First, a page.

60. Going Postal, by Terry Pratchett
61. The Mote In God’s Eye, by Larry Niven & Jerry Pournelle
62. The Sword Of Truth, by Terry Goodkind
63. The Road, by Cormac McCarthy
64. Jonathan Strange & Mr Norrell, by Susanna Clarke

I find I like the adaptations of Austen, Bronte and the like a whole lot more than the actual things they wrote.

65. I Am Legend, by Richard Matheson
66. The Riftwar Saga, by Raymond E. Feist
67. The Shannara Trilogy, by Terry Brooks

I made through the first tome and thought, well, I liked this story better when Tolkien wrote it, and I never went back.

68. The Conan The Barbarian Series, by R.E. Howard
69. The Farseer Trilogy, by Robin Hobb
70. The Time Traveler’s Wife, by Audrey Niffenegger

A heartbreaking work that just barely missed my top ten.

71. The Way Of Kings, by Brandon Sanderson
72. A Journey To The Center Of The Earth, by Jules Verne
73. The Legend Of Drizzt Series, by R.A. Salvatore
74. Old Man’s War, by John Scalzi
75. The Diamond Age, by Neil Stephenson
76. Rendezvous With Rama, by Arthur C. Clarke
77. The Kushiel’s Legacy Series, by Jacqueline Carey

I’m still working my way through this series – I’ve got the books and will get to them by and by – and it’s one I try to buy in hardback because I enjoy it so much, mostly because of the world it is set in and the gumption of the main female character. Of course when the main character is a sacred prostitute and a divinely-ordained masochist it does mean you have to slog through a few passages, but they seemed a small price to pay.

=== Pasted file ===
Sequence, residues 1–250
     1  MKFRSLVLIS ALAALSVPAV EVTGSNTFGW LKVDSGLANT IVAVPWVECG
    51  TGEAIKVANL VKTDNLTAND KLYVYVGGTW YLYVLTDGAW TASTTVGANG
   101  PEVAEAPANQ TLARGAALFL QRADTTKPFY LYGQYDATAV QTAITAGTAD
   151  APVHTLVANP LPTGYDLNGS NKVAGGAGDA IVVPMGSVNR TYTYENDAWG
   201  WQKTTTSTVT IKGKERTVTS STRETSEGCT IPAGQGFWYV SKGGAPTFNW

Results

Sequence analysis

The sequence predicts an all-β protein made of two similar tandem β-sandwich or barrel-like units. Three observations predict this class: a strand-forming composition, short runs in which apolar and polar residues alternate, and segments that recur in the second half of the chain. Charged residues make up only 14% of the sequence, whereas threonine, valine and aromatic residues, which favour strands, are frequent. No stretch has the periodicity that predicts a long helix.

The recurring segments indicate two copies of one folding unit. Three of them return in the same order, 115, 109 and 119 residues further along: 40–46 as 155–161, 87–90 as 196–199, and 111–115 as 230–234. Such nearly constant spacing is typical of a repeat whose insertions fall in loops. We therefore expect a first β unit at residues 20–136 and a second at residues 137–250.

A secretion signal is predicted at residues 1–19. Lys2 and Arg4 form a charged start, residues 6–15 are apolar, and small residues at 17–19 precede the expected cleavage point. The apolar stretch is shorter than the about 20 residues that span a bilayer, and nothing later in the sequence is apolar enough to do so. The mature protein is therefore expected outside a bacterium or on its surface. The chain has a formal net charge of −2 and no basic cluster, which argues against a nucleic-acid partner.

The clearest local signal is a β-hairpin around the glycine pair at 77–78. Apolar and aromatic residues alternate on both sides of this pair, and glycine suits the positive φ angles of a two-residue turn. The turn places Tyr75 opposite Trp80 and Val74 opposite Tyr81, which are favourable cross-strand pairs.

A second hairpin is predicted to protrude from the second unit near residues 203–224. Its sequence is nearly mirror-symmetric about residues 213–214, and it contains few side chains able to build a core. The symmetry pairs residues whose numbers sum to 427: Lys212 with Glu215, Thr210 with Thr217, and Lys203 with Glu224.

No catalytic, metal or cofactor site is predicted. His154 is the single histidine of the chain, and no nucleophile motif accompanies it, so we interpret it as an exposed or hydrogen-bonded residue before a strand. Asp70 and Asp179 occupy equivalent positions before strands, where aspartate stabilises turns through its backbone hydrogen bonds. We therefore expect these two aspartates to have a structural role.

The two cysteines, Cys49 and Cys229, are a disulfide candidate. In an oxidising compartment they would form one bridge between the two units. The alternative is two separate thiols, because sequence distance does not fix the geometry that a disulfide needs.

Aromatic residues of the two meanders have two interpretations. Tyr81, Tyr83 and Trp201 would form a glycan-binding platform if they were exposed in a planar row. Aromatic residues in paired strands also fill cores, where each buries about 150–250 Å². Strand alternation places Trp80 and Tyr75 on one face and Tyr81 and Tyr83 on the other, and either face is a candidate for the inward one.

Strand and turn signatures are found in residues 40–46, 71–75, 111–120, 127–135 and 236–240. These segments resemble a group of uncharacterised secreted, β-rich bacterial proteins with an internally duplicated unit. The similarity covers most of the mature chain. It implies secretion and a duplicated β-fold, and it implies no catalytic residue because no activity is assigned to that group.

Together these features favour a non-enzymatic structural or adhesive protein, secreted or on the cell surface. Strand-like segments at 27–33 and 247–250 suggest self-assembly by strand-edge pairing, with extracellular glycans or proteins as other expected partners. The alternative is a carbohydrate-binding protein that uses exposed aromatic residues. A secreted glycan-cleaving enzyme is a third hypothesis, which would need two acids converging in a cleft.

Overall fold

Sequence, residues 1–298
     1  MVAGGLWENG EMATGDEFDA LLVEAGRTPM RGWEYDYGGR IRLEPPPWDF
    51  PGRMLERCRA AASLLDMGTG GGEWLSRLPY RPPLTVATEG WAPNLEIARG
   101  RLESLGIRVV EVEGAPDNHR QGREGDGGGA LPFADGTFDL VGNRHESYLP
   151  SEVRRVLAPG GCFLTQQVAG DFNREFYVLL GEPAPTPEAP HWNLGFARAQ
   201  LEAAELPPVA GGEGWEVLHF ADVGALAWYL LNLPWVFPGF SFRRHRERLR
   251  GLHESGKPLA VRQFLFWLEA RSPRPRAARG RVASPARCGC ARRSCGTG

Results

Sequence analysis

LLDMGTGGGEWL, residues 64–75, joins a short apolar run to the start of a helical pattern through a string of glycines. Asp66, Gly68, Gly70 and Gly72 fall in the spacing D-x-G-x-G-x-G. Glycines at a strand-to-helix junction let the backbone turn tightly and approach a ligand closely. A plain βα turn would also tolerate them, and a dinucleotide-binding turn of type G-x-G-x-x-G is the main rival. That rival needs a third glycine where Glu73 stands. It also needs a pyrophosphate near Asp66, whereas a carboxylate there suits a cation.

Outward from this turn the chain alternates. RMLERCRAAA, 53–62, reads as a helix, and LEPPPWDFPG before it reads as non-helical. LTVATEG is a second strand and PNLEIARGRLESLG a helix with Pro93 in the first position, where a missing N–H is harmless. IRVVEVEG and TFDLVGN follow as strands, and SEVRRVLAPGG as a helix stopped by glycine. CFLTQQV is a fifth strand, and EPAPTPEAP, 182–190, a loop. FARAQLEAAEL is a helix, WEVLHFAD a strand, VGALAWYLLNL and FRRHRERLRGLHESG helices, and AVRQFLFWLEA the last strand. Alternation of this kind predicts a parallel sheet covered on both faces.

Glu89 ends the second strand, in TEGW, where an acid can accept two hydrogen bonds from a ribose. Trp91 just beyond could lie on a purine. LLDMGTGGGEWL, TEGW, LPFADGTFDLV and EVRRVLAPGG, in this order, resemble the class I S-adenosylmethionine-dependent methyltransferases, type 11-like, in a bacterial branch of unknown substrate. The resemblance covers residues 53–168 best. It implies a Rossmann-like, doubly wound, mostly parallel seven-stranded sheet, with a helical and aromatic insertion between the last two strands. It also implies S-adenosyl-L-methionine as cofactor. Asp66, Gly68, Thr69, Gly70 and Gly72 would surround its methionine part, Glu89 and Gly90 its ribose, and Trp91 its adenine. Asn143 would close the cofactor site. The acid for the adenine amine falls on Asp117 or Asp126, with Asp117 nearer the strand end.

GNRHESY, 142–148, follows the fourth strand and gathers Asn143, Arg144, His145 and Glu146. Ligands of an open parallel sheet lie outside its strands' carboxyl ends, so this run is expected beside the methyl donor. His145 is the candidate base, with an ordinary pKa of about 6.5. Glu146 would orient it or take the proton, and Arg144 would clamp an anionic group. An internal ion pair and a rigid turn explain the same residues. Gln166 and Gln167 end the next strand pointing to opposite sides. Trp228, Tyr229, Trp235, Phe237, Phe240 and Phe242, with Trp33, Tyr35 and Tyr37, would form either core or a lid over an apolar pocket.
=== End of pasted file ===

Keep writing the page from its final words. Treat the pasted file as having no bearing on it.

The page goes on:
78. The Dispossessed, by Ursula K. LeGuin
79. Something Wicked This Way Comes, by Ray Bradbury
80. Wicked, by Gregory Maguire

A fascinating meditation on the nature of good and evil, turned into a musical about the stories behind the stories we hear. I loved them both.

81. The Malazan Book Of The Fallen Series, by Steven Erikson
82. *The Eyre Affair, by Jasper Fforde

When the boundary between fiction and reality is porous, somebody has to police the border. And Fforde writes about it with a glorious abandon, full of allusions, puns and general weirdity.

83. The Culture Series, by Iain M. Banks

On my to-read list.

84. The Crystal Cave, by Mary Stewart
85. Anathem, by Neal Stephenson

Another book like The Silmarillion – dense, difficult, but thoroughly enjoyable.

86. The Codex Alera Series, by Jim Butcher
87. The Book Of The New Sun, by Gene Wolfe
88. The Thrawn Trilogy, by Timothy Zahn
89. The Outlander Series, by Diana Gabaldan
90. The Elric Saga, by Michael Moorcock
91. The Illustrated Man, by Ray Bradbury
92. Sunshine, by Robin McKinley
93. A Fire Upon The Deep, by Vernor Vinge
94. The Caves Of Steel, by Isaac Asimov
95. The Mars Trilogy, by Kim Stanley Robinson
96. Lucifer’s Hammer, by Larry Niven & Jerry Pournelle

On my to-read list.

97. Doomsday Book, by Connie Willis
98. *Perdido Street Station, by China Mieville.

Nobody does “alien” quite like Mieville, and this is his best book among the ones I’ve read. The city of New Crobuzon becomes a major character in its own right.

99. The Xanth Series, by Piers Anthony.

I read much of this in high school, which is about the level it’s pitched at. I think I read enough to qualify, though apparently he keeps churning them out anyway.

100. The Space Trilogy, by C.S. Lewis

So I’ve read 41 of the top 100 SF/F books of all time. I’ve abandoned 2 more, and another 6 are on the to-read list. Nine of my top ten made the list, which sort of scares me. I’m not used to being that in sync with any larger culture, even one as narrowly defined as SF/F.

I’ll take it, though.

The one book that was on my top ten that didn’t make it was The Gone-Away World by Nick Harkaway, which is among my top five books ever. But you can’t win them all.